The line to get in was insane, but it went by pretty quickly. The de Kooning exhibit was great, and not really as crowded as the lines to get in would make you think.

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We also checked out the Cy Twombly sculpture exhibit.

And a really interesting architecture exhibit.

And then we checked out the Diego Rivera murals exhibit which was so great.

Photos weren’t allowed in the exhibit, but it was amazing. I would highly, highly, highly recommend it. Apparently there was a Diego Rivera exhibition at the museum shortly after they opened in the early-1930s and it was very successful. It was really interesting to relive the past (in a way).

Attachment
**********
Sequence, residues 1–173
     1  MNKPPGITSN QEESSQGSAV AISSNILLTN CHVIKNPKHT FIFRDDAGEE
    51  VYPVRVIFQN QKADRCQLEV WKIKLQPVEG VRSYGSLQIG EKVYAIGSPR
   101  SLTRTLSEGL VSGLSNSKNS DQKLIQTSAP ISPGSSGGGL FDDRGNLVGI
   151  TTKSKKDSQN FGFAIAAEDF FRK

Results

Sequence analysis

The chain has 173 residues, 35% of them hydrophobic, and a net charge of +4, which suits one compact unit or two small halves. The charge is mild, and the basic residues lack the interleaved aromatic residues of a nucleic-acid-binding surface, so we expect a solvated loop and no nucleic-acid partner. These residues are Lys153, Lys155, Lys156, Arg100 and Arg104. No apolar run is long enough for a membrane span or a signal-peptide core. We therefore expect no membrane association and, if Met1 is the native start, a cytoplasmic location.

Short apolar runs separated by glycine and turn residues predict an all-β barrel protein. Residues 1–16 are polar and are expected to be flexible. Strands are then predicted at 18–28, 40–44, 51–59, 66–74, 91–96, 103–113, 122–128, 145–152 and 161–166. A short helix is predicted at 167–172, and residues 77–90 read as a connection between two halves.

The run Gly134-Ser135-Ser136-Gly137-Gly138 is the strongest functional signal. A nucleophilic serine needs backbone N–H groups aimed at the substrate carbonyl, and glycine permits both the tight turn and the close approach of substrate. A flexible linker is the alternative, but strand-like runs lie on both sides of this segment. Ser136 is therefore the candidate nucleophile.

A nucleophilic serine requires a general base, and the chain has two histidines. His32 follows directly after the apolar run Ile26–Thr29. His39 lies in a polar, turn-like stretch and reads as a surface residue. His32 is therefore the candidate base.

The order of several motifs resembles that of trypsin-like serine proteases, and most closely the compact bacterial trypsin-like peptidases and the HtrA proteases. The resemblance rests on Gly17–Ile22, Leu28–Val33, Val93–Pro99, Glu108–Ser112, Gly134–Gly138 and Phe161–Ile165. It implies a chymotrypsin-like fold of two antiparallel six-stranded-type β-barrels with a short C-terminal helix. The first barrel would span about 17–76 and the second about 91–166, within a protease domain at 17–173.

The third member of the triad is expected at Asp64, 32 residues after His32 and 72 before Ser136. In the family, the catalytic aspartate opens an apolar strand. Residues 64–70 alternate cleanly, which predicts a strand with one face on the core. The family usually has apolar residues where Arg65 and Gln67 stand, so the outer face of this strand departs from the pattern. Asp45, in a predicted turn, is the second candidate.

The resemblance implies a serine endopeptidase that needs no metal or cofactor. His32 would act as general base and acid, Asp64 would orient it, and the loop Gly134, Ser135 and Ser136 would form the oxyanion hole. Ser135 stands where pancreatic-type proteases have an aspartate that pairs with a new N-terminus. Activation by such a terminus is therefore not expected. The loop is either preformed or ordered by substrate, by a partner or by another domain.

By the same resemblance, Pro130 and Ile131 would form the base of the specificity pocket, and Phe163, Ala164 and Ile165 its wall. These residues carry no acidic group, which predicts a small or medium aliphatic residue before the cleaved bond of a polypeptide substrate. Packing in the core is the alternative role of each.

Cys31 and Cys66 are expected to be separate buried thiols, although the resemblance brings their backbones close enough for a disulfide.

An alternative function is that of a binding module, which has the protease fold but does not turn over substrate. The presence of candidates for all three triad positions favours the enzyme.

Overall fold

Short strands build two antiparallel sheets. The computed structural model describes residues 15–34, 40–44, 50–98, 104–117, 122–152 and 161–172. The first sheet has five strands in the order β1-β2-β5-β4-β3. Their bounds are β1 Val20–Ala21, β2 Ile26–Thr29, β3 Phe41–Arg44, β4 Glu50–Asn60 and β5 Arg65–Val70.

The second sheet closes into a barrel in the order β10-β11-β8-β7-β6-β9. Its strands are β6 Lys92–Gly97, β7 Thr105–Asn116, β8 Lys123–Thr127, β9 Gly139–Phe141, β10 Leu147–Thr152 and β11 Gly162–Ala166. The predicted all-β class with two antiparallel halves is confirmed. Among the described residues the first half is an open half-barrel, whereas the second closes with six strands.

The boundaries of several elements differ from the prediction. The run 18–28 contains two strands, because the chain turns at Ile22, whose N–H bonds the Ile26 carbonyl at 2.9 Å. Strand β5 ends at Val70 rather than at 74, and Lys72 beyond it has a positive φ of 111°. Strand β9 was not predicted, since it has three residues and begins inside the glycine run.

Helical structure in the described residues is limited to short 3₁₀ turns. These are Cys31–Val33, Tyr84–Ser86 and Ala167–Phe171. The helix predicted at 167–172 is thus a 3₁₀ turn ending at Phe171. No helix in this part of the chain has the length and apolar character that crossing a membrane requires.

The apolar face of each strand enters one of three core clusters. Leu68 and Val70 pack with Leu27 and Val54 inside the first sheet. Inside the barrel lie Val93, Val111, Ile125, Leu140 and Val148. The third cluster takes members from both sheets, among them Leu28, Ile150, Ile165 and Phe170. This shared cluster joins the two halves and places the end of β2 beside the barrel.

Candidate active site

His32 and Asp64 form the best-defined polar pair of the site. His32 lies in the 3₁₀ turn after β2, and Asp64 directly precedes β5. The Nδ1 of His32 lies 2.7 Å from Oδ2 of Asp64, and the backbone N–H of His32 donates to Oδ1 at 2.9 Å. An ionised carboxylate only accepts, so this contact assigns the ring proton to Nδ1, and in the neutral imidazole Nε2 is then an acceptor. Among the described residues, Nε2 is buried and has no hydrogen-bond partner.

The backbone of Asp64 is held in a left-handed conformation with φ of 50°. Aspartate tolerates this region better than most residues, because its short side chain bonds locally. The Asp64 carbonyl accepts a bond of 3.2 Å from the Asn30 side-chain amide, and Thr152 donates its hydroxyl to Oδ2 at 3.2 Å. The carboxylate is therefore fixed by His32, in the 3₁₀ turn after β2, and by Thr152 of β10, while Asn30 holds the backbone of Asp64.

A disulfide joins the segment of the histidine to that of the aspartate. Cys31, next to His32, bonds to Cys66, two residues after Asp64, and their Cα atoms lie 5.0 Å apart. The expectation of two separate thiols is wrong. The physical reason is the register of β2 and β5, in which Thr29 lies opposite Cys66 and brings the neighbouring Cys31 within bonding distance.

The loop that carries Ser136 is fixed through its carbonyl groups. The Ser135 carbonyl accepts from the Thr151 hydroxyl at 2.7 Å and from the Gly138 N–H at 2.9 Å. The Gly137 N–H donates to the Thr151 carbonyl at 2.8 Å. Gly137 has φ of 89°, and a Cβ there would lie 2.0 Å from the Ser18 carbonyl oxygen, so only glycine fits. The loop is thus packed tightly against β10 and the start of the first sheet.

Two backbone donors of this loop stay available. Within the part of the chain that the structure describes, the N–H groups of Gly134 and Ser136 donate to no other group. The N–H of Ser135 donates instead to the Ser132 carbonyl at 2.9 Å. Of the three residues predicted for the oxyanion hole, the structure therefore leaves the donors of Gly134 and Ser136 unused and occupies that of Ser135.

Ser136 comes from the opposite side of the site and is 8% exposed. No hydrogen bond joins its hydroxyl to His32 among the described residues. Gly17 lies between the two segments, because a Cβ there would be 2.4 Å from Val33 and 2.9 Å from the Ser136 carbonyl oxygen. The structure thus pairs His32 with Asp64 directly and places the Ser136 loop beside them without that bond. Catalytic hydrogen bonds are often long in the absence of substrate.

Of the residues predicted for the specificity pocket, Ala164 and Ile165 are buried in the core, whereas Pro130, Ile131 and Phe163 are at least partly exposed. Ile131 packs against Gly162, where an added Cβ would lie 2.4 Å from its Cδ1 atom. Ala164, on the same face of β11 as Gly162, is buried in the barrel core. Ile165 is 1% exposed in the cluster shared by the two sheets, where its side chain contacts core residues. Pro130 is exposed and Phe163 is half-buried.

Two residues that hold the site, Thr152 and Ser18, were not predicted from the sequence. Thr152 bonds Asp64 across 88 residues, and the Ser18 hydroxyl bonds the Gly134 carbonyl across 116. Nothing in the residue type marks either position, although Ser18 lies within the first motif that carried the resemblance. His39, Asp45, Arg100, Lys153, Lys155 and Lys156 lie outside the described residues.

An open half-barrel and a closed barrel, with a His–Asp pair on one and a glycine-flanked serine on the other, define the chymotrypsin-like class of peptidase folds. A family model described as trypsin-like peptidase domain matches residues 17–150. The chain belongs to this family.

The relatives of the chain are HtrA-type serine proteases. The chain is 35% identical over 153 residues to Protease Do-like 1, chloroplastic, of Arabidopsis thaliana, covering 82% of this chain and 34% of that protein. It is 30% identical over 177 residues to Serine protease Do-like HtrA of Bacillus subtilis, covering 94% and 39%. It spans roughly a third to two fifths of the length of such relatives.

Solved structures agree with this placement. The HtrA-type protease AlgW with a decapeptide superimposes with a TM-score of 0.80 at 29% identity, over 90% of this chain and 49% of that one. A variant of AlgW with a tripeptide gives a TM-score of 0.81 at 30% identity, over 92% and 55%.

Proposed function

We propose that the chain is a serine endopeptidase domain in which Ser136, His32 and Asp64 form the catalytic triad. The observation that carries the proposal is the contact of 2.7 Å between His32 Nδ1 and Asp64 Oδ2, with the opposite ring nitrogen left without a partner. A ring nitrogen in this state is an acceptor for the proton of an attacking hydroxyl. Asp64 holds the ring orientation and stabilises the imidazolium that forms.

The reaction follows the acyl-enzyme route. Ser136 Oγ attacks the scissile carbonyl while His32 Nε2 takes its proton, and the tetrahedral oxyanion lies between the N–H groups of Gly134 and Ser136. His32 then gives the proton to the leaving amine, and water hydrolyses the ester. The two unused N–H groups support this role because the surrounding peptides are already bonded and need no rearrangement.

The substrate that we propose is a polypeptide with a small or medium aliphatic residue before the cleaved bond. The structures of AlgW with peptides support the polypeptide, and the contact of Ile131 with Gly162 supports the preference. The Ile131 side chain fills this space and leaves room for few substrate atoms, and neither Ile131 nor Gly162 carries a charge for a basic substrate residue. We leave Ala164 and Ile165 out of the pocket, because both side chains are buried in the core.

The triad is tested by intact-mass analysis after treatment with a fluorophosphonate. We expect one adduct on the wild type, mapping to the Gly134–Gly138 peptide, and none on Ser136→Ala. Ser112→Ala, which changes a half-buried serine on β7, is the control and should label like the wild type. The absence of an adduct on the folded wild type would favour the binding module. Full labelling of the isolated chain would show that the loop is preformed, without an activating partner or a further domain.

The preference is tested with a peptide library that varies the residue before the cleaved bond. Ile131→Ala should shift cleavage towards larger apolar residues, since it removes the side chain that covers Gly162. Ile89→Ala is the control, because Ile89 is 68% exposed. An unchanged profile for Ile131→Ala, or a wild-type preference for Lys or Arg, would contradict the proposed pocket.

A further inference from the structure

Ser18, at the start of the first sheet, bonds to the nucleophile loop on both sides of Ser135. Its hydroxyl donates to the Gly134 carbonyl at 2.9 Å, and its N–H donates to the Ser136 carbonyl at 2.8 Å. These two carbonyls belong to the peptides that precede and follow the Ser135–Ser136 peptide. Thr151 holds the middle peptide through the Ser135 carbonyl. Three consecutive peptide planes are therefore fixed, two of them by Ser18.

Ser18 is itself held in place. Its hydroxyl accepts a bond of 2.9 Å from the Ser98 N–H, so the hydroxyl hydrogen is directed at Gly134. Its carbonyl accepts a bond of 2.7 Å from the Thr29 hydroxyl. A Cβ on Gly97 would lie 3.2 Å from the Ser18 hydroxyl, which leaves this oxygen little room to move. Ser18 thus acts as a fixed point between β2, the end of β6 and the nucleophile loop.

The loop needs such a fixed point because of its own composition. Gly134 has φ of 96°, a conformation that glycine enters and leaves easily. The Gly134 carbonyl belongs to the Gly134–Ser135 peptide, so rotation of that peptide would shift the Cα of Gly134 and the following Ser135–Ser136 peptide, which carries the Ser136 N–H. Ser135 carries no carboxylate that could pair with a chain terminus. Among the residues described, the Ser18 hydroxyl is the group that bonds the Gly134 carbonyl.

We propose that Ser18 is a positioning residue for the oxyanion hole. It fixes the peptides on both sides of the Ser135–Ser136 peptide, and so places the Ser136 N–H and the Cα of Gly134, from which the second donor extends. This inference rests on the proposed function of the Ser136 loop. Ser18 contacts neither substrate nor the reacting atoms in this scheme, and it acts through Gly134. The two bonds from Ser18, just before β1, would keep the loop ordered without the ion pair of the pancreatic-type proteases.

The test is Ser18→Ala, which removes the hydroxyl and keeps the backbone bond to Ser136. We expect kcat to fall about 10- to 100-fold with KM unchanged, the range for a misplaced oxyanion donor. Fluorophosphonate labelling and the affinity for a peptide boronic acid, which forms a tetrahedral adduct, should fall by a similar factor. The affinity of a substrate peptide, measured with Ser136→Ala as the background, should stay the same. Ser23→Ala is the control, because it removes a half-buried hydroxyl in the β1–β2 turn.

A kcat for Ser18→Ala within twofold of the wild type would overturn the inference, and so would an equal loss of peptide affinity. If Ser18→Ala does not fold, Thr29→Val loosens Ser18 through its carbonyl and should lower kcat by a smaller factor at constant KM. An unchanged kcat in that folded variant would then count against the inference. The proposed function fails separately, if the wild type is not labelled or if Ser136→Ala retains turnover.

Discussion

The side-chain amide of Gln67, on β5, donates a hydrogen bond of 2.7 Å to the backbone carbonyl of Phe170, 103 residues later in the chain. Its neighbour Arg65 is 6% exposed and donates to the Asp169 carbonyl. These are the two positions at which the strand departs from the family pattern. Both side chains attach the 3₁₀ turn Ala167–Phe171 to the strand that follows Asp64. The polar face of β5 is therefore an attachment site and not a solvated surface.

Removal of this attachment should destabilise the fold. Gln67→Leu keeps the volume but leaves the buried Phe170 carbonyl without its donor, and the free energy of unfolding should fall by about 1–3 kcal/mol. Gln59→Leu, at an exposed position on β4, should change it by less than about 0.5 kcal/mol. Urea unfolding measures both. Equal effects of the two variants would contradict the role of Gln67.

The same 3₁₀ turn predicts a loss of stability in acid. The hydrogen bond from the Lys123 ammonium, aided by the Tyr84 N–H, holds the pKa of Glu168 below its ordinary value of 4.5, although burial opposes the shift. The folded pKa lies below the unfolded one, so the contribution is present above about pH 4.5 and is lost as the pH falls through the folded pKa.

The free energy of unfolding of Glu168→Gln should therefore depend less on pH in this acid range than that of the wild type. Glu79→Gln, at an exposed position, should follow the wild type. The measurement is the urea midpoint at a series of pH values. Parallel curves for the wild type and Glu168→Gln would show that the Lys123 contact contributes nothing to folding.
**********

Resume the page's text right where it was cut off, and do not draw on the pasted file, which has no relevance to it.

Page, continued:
After a whirlwind tour through the MoMA we headed to a bar to watch the Winter Classic hockey game. Despite not caring about the game it was a good time!

I got home at 8, but it felt like 11 (<— what happens when you start drinking at 3pm). And I finally unpacked from my parents’ house (not as bad as I thought it would be) and I came across these socks my mom got me.

I thought I would give them a try. The inside is really crazy. It’s like walking on Gak (hello ’90’s children), it feels so strange. And is also a lot of work to balance. But my feet do feel soft!

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No, not New York City. I’m talking Washington, DC.

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I spent the summer of 2006, the summer before my senior year of college, interning at ABC News in Washington DC. Let me take a little trip down memory lane.